Lack of eating dents Tom Pidcock’s Tour de France GC challenge

Ineos Grenadiers co-leader says he was "cooked" as he hemorrhaged time in the Alps

Tom Pidcock struggles at the 2023 Tour de France
Tom Pidcock struggles at the 2023 Tour de France
(Image credit: Michael Steele / Getty)

The Tour de France giveth and the Tour de France taketh away. While Ineos Grenadiers co-leader Carlos Rodríguez was busy steaming into Morzine with his hands in the air and a smile on his face Tom Pidcock, who had started the day just four places further back on GC, was labouring and desperately trying to minimise his losses.

The Yorkshireman had been distanced by the furious pace of the GC group on the slopes of the Col de la Ramaz, the penultimate mountain of the day, and fought along the valley, up the Col de Joux Plane and down the other side. 

He eventually finished 8-40 behind his team-mate and stage winner Rodríguez, dropping to 11th on GC in the process. 

“It was very hard day,” he said. “Is a shame really I was full of confidence this morning I envisioned doing this epic attack over the top of the Col de Joux Plane and we started full gas and I just didn't really have it in me.”

Pidcock had good reason to feel that confidence in the morning. The day before he was the best placed rider of the gaggle of GC battlers behind the top two and the Leeds native has been setting some of his best climbing performances ever in this Tour de France.

Notably the viciously steep slopes of the Puy de Dôme had shown him to be among the be.

But the tests where Pidcock has impressed have been of a different character to the 151km test across five alpine ascents that stage 14 presented.

Pidcock declined to lean on that as an excuse when it was offered to him. “I need to evaluate a little bit, but I think I just didn't have enough energy,” he said. “Yesterday was a late stage, a late dinner and I just couldn't really eat enough it wasn't complicated.”

Describing the part of his race after he was dropped he said: “I though maybe I could save a bit over Ramaz and maybe come back but I was just cooked. Then I took my radio out so as I came back to the bus everyone was saying congratulations and I was thinking 'what is everyone saying congratulations for?' before I found out thaat Carlos won. That made it [the day] a bit better,” he said, a smile breaking across his face.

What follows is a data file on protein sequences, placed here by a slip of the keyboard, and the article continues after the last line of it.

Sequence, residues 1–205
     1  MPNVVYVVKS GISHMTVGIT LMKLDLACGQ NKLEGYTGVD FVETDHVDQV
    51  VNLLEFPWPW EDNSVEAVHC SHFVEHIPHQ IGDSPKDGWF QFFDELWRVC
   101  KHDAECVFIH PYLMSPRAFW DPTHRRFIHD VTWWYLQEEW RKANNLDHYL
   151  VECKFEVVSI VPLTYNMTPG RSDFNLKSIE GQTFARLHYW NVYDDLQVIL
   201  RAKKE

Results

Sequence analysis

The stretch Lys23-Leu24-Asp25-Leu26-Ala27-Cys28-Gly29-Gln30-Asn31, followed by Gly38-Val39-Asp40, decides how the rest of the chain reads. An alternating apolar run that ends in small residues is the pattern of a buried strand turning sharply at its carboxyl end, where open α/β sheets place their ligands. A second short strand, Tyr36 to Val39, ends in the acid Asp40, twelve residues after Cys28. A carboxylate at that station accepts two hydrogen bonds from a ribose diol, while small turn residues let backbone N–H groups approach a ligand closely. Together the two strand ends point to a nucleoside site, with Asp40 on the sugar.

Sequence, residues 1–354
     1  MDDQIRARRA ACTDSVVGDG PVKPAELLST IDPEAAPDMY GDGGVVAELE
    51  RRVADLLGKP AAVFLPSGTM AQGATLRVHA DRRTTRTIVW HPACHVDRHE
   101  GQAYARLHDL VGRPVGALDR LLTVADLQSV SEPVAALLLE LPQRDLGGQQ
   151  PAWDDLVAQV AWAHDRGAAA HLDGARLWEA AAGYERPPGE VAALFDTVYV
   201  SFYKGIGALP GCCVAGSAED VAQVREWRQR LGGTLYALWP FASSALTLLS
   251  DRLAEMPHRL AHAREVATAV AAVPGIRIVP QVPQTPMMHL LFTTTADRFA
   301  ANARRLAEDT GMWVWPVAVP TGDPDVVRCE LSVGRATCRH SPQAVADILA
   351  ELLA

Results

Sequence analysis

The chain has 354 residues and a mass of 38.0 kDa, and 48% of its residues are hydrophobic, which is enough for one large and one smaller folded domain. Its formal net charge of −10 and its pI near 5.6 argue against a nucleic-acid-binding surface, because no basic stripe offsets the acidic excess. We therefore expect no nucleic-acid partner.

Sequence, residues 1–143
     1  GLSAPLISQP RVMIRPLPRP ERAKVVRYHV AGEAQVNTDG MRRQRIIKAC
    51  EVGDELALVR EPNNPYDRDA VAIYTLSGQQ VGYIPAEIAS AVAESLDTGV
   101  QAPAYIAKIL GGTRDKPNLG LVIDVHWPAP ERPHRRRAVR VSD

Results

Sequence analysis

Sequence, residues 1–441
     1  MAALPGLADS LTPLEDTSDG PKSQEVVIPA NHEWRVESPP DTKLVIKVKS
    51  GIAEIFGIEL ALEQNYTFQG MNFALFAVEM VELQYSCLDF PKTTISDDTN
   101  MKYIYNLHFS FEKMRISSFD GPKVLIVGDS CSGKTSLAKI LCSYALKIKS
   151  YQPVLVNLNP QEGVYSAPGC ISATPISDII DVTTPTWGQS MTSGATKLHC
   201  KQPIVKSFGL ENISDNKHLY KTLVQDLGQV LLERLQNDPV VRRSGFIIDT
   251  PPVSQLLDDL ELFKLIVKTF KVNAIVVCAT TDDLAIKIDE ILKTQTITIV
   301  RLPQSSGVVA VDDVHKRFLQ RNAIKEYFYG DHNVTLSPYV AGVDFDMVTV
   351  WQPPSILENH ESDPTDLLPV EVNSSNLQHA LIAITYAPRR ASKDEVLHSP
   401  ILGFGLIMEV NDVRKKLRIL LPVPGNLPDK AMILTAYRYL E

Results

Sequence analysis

Given Pidcock’s propensity for riding aggressively and having fallen out of the top 10 there is a case for unleashing the Yorkshireman to chase stage wins. 

However, Ineos Grenadiers deputy team principal Rod Ellingworth seemed to think that would be unwise. “The original plan was to not come out of the GC fight,” he said. “He has got to put himself in the place where he’s getting stretched like he was today.”

Ellingworth emphasised that there really weren’t any downsides to doing so. “What I've always said is that  these two guys [Pidcock and Rodríguez] can’t fail because every day they have, they learn. Tom has lost time but he can't fail, it’s just about learning for the future.”

While the Tour de France does taketh away, perhaps for Pidcock, on this occasion, even that is giving him something.

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Having trained as a journalist at Cardiff University I spent eight years working as a business journalist covering everything from social care, to construction to the legal profession and riding my bike at the weekends and evenings. When a friend told me Cycling Weekly was looking for a news editor, I didn't give myself much chance of landing the role, but I did and joined the publication in 2016. Since then I've covered Tours de France, World Championships, hour records, spring classics and races in the Middle East. On top of that, since becoming features editor in 2017 I've also been lucky enough to get myself sent to ride my bike for magazine pieces in Portugal and across the UK. They've all been fun but I have an enduring passion for covering the national track championships. It might not be the most glamorous but it's got a real community feeling to it.